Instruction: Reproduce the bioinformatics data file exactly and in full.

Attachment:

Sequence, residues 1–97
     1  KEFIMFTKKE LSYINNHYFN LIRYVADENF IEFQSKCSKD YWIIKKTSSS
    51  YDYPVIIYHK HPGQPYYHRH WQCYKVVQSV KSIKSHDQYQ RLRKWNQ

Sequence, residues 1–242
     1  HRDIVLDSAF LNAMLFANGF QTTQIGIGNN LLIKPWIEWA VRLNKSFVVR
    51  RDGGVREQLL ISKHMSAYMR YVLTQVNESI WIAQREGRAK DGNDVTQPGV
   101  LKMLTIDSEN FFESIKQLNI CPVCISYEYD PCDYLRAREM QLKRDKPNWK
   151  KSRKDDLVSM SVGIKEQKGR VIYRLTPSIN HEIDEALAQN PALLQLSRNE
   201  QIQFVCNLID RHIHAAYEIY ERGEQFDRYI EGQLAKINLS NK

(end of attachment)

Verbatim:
Sequence, residues 1–97
     1  KEFIMFTKKE LSYINNHYFN LIRYVADENF IEFQSKCSKD YWIIKKTSSS
    51  YDYPVIIYHK HPGQPYYHRH WQCYKVVQSV KSIKSHDQYQ RLRKWNQ

Sequence, residues 1–242
     1  HRDIVLDSAF LNAMLFANGF QTTQIGIGNN LLIKPWIEWA VRLNKSFVVR
    51  RDGGVREQLL ISKHMSAYMR YVLTQVNESI WIAQREGRAK DGNDVTQPGV
   101  LKMLTIDSEN FFESIKQLNI CPVCISYEYD PCDYLRAREM QLKRDKPNWK
   151  KSRKDDLVSM SVGIKEQKGR VIYRLTPSIN HEIDEALAQN PALLQLSRNE
   201  QIQFVCNLID RHIHAAYEIY ERGEQFDRYI EGQLAKINLS NK